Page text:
Finland marks a significant milestone in the technological sphere as VTT Technical Research Centre of Finland unveils the nation's first five-qubit quantum computer for the use of Finnish and European companies. This pioneering move allows businesses to delve into the development of quantum algorithms and software, and to assess their applicability in solving practical computational problems.
Enterprises looking to gain a competitive edge can now access the quantum computer through CSC's data center in Kajaani, which connects to the LUMI supercomputer, one of the world's most powerful computing systems. Offering fixed monthly rates, VTT is making this cutting-edge technology broadly accessible to industries across the board.
Quantum computing promises to revolutionize various sectors, with finance and pharmaceuticals expected to reap early benefits due to the substantial computational power quantum computers can provide. However, VTT emphasizes that its quantum computer is available to all enterprises, regardless of industry or size. The quantum advantage is particularly relevant for complex optimization problems prevalent across different industrial sectors.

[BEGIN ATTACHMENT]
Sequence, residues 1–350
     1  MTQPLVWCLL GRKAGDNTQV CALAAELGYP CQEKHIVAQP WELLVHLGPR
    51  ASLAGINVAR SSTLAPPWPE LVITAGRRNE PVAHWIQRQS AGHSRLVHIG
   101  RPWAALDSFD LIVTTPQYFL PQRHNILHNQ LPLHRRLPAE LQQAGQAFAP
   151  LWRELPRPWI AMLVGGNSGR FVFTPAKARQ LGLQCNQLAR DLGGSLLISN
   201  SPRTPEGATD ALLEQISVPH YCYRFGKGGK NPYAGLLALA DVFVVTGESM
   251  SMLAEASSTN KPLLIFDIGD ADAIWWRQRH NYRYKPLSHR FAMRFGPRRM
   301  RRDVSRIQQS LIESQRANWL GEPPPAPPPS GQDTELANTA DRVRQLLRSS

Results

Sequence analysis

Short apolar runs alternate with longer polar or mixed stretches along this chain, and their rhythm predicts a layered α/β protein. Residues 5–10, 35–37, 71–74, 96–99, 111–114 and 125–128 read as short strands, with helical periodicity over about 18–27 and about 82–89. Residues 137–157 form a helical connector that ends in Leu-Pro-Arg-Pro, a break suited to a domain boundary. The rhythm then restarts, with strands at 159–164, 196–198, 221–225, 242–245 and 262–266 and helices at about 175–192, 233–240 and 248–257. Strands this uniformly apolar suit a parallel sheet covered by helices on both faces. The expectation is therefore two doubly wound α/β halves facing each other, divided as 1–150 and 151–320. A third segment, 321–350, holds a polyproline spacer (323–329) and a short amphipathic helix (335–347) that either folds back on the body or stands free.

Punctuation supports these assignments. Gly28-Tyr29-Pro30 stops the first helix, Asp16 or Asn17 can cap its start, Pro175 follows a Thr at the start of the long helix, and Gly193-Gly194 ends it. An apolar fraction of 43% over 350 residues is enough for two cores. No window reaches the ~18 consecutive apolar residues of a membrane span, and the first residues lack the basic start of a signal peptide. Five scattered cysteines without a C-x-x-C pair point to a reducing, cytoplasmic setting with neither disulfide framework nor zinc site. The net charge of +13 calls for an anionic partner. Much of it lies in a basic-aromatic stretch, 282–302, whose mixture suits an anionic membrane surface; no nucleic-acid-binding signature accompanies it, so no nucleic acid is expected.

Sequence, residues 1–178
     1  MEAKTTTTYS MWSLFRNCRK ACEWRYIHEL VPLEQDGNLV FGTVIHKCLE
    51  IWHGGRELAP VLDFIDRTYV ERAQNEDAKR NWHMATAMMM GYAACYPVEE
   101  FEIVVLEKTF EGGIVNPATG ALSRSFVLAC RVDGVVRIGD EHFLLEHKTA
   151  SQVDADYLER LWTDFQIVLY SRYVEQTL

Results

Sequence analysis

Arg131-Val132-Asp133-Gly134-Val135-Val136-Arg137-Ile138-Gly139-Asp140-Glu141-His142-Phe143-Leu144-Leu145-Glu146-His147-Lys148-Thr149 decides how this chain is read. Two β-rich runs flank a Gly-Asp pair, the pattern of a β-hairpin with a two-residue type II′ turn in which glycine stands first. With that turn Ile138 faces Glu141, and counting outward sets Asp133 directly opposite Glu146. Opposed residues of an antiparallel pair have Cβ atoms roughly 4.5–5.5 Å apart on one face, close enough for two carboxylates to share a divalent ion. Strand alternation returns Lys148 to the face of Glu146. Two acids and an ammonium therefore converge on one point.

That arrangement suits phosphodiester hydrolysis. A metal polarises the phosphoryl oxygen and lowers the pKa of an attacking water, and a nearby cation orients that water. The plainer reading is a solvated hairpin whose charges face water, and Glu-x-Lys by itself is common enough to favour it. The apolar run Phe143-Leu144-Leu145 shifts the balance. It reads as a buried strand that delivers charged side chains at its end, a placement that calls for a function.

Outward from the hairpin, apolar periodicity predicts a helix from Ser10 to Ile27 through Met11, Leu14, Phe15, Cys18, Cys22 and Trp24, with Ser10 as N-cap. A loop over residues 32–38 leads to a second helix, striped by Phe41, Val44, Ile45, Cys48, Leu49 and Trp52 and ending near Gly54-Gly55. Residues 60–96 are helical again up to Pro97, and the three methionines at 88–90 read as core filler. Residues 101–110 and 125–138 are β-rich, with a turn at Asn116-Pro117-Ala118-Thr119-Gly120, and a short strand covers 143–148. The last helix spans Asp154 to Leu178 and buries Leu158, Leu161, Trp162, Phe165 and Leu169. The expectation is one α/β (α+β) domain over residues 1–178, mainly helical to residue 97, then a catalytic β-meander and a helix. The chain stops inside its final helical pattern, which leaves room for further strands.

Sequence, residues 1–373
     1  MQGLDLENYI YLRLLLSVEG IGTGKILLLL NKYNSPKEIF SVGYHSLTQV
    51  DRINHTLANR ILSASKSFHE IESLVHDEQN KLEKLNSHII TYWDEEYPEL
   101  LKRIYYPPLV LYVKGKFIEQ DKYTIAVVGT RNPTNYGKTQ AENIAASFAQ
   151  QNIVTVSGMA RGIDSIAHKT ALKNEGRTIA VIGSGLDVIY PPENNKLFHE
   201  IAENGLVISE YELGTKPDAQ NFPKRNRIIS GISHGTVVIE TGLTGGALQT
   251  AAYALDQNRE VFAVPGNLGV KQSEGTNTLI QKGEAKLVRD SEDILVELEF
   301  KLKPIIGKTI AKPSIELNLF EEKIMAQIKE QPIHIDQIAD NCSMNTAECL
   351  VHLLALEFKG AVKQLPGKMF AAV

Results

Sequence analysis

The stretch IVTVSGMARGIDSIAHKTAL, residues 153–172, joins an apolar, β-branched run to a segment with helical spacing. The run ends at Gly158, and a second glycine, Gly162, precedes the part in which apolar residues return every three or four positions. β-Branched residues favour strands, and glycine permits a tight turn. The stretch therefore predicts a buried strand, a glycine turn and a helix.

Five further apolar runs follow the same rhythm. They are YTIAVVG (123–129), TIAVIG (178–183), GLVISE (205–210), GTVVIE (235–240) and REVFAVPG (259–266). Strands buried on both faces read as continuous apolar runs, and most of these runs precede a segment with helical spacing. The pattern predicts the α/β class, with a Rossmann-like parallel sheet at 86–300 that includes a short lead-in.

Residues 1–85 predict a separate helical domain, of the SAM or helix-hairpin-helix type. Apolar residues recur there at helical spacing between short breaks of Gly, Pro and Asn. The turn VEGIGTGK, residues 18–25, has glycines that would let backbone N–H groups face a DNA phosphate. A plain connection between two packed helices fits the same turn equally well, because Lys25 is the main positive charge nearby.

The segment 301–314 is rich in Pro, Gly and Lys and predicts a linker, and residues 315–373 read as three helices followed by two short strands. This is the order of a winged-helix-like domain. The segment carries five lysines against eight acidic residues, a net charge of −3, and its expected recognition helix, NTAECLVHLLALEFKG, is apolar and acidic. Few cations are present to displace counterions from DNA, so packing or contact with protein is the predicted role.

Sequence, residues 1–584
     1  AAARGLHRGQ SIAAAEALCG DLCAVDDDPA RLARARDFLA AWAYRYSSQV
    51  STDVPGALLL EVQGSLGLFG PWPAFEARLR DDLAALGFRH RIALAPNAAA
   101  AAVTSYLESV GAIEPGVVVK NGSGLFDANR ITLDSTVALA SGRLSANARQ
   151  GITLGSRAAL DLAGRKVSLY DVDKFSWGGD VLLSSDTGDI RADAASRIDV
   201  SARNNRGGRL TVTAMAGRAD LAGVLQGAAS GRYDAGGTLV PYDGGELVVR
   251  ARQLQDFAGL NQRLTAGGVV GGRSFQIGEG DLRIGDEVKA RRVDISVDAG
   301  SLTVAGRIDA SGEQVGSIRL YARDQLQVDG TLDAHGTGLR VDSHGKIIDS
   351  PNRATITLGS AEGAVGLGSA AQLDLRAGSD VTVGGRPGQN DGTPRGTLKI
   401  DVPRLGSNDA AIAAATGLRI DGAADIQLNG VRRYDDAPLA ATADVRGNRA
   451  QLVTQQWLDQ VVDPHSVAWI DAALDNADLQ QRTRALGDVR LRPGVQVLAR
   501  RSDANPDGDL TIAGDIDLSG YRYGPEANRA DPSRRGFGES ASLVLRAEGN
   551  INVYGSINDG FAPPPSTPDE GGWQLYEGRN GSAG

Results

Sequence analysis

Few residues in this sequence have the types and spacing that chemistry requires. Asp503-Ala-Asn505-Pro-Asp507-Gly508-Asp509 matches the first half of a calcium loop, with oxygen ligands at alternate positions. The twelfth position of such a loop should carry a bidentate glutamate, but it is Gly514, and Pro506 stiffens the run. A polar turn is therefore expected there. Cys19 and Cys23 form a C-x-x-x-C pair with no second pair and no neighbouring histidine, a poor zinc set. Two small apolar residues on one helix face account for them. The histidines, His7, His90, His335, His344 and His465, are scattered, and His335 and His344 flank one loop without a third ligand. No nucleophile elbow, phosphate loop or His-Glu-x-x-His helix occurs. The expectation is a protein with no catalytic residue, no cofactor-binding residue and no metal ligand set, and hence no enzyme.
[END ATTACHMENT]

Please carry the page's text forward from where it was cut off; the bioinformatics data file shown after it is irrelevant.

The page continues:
Pekka Pursula, Head of Quantum Technology Research at VTT, stresses the importance of businesses familiarizing themselves with quantum computing capabilities now. "The computational power of quantum computers and their problem-solving capabilities are rapidly advancing. Starting to understand quantum computing now is crucial for companies aiming to develop their products and services with this new technology," Pursula explains.
In practice, companies can use the developmental environment to craft quantum algorithms and evaluate their potential for the future when quantum computers are expected to increase in qubits and computational capacity, exponentially enhancing their problem-solving prowess.
Moving Toward Hybrid Computing with LUMI Supercomputer
Accessing the quantum computer is conveniently done from users' own PCs, connecting first to the LUMI supercomputer, which in turn links to the quantum system. Programmers can utilize tools like Qiskit and Cirq to craft their quantum algorithms.
As quantum computers grow in size and power, so too do the prospects for hybrid computing — combining quantum and classical supercomputing for enhanced problem-solving. This hybrid approach is set to further improve the capacity to tackle practical computational challenges.
Kimmo Koski, CEO of CSC, highlights the collaborative potential of this venture. "The cooperation paves the way to the future. Quantum computing and high-performance computing are complementary technologies: they solve different types of problems and thus enhance each other. LUMI, among the world's most powerful supercomputers, once again demonstrates its strength as an accelerator for both scientific and commercial computation by creating new hybrid usage possibilities," says Koski.